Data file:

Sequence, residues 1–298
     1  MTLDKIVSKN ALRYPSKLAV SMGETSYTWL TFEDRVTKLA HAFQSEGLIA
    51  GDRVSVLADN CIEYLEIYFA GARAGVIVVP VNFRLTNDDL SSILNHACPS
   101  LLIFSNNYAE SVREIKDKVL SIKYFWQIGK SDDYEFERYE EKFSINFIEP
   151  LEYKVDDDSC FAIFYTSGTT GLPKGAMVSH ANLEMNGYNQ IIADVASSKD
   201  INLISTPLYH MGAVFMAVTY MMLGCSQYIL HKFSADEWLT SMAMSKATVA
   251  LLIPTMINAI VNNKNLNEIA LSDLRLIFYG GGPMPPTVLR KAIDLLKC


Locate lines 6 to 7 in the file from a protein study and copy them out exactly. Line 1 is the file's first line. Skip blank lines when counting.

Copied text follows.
   201  INLISTPLYH MGAVFMAVTY MMLGCSQYIL HKFSADEWLT SMAMSKATVA
   251  LLIPTMINAI VNNKNLNEIA LSDLRLIFYG GGPMPPTVLR KAIDLLKC